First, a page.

The city also features attractions for tourists, including a few castles and a handful of museums. The most notable is the South Tyrol Museum of Archaeology, which houses the preserved remains of Ötzi, a prehistoric man found frozen in the Alps.
• Merano: Bolzano is set in a pretty location, with snow-covered mountains backing a pretty plaza. But Merano (Meran to German speakers) about a 20-minute drive to the northwest, might be even more picturesque.
The market, which is smaller than Bolzano’s, stretches out over a promenade that borders the Passirio River (Passer in German). Merano, too, has snow-covered mountains and historic buildings visible from any point of the market. But there’s also the river and a miniature train that ferries kids and their parents through the market.
Those who aren’t interested in long rides on kiddie trains can sip on a hot drink — it can get very cold in the region despite a relatively light amount of snowfall — or browse along the promenade. Many local items for sale are made of wood, though there’s plenty of stuff featuring glass, plastic, fabric or wax.
The most convenient parking spot is in the lot under Piazza Terme (turn left into the tunnel before crossing the bridge into the oldest part of town). You’ll emerge in the piazza, which is turned into an outdoor ice-skating rink during the holiday season. Then cross the river on the pedestrian bridge to reach the promenade.
• Trento: About an hour south of the other two spots, Trento has more of an Italian flavor. It’s in a different province and not considered by many to technically be a part of South Tirol. German isn’t nearly as common.
The 2009 market featured 70 merchants and was set up in Piazza Fiera. There’s parking under the piazza, but it’s harder to reach than the other two markets, especially on days when streets are closed due to other markets going on. Visitors might want to consider parking some place such as the Centro Europa or Autosilo Buonconsiglio garages and walking the 10 minutes through the old town to the market. There are signs pointing the way past a few interesting churches and other sites.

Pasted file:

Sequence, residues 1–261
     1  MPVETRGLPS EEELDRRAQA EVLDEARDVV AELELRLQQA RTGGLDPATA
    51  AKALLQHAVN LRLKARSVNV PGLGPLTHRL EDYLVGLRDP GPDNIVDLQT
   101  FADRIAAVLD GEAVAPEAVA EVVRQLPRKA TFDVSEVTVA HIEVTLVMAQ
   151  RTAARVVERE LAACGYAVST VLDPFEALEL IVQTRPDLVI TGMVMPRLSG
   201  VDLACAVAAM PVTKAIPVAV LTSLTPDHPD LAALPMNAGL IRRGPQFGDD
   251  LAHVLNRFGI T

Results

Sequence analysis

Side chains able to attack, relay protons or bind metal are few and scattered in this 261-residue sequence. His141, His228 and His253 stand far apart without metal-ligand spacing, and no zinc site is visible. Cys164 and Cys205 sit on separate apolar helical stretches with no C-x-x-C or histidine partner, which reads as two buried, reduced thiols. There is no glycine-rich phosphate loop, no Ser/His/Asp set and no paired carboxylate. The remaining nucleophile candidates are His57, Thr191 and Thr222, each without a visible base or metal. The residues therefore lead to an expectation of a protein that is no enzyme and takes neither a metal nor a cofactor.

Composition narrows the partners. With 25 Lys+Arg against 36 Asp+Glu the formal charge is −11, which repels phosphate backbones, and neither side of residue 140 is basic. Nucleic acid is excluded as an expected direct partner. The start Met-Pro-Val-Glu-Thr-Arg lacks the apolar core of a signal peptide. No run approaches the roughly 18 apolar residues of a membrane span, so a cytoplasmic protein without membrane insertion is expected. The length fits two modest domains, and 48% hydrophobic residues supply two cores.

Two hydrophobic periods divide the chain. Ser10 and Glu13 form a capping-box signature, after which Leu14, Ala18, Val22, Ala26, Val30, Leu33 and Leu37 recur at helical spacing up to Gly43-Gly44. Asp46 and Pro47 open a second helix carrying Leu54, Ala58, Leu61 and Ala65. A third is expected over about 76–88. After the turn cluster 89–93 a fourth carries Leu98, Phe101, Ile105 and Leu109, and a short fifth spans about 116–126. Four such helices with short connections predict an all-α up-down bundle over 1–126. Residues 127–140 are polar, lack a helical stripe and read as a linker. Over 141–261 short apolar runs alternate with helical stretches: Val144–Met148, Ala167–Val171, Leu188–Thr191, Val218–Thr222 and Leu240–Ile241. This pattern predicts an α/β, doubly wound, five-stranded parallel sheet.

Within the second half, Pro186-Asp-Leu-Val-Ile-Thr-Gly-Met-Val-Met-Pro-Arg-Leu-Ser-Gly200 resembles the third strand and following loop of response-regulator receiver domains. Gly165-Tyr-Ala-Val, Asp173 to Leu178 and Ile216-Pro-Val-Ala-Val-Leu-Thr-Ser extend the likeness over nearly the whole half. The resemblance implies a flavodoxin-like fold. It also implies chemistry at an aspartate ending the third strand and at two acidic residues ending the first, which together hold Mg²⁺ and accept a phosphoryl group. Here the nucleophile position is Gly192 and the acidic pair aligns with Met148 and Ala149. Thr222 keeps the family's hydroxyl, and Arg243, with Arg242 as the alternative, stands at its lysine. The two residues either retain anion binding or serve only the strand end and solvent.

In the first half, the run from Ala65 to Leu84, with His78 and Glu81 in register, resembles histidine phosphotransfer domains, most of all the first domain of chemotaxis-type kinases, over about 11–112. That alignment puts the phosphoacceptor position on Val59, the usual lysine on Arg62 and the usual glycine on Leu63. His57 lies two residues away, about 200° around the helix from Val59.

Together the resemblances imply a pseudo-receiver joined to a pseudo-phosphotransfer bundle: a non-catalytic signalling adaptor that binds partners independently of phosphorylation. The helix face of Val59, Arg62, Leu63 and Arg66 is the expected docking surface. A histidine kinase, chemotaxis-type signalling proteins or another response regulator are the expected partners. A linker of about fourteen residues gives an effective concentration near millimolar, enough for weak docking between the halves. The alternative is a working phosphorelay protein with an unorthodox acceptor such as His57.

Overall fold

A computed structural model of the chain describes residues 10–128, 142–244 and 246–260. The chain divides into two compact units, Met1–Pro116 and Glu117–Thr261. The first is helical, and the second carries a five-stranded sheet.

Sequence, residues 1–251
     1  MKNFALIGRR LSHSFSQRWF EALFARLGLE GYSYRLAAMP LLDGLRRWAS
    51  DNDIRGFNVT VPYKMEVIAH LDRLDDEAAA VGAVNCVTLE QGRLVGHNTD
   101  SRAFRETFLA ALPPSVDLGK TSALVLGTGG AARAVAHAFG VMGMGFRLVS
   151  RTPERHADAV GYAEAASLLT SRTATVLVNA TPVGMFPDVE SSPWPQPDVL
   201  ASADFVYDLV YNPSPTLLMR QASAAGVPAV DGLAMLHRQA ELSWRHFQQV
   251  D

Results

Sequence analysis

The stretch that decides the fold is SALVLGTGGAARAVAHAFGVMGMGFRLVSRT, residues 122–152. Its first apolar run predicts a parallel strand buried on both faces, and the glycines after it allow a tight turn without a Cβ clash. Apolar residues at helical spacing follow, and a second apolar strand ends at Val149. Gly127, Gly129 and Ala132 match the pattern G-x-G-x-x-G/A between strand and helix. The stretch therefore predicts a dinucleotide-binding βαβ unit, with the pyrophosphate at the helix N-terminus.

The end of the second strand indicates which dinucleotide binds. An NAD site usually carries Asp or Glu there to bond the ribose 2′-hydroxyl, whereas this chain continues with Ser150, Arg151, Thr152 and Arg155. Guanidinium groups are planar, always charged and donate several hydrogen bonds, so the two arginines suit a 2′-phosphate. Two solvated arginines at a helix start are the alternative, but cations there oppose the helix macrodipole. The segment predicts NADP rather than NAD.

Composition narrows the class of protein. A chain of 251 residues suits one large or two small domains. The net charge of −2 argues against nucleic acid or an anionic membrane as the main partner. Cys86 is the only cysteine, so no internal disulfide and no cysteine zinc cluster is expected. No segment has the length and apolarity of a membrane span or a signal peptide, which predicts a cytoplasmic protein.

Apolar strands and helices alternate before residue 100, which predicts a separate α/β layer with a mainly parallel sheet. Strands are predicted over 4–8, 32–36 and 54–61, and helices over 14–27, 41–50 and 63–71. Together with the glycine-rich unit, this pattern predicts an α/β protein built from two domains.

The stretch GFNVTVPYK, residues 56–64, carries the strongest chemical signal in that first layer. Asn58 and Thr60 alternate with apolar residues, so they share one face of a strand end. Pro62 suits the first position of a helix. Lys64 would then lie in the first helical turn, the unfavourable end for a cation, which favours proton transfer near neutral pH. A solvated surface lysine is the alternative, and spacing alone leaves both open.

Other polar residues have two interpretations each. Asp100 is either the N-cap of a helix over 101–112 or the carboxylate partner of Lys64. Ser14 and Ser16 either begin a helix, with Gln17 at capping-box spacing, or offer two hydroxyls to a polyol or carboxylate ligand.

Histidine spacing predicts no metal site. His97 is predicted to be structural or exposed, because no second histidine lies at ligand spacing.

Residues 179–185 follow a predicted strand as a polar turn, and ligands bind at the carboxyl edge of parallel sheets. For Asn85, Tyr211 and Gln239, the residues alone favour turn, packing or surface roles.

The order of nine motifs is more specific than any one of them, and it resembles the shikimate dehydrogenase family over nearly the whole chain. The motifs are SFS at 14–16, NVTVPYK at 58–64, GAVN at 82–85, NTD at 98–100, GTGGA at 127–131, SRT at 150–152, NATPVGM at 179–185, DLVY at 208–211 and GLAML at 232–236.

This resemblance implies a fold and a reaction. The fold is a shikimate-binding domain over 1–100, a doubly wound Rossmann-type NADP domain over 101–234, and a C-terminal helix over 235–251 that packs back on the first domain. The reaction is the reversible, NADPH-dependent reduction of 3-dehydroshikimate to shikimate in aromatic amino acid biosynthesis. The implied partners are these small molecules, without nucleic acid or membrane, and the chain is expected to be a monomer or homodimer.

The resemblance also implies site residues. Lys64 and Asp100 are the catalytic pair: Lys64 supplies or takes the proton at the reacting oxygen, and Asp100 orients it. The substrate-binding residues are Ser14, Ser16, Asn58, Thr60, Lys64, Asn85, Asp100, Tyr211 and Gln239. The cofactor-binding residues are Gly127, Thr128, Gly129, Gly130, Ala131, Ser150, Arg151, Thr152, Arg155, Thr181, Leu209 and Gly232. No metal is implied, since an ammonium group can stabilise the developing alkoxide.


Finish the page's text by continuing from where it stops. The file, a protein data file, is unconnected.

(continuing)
The market carries products made from wood as well as less-natural items. Most carry holiday themes, but not all of them. Like Bolzano, Trento is often filled with non-holiday markets in neighboring piazzas and streets.
KNOW & GO• Bolzano is off the A22 autostrada that connects with the A4 just west of Verona and continues north through the Brenner Pass into Innsbruck and Austria. Follow the “Centro” signs and then look for signs for the P3 parking lot (Piazza Walther) or the Duomo. There are several hotel options in the blocks surrounding the square.
Bolzano’s market this year begins Friday and continues through Dec. 23.
• Merano is a little more than 20 kilometers from Bolzano along the MeBo highway. It’s known as a spa town and center for Alpine activities.
Merano’s market runs Friday through Jan. 6.
Find more information about the Bolzano and Merano markets and others in the area at www.bolzano.net/english. Click on “Christmas markets.”
• Trento is south of Bolzano, also just of off A22, less than an hour north of Vicenza. Its market is under way and continues through Dec. 24. Find more about it, and others nearby, at www.tr3ntino.it/en. Click on “Christmas markets in Trentino.”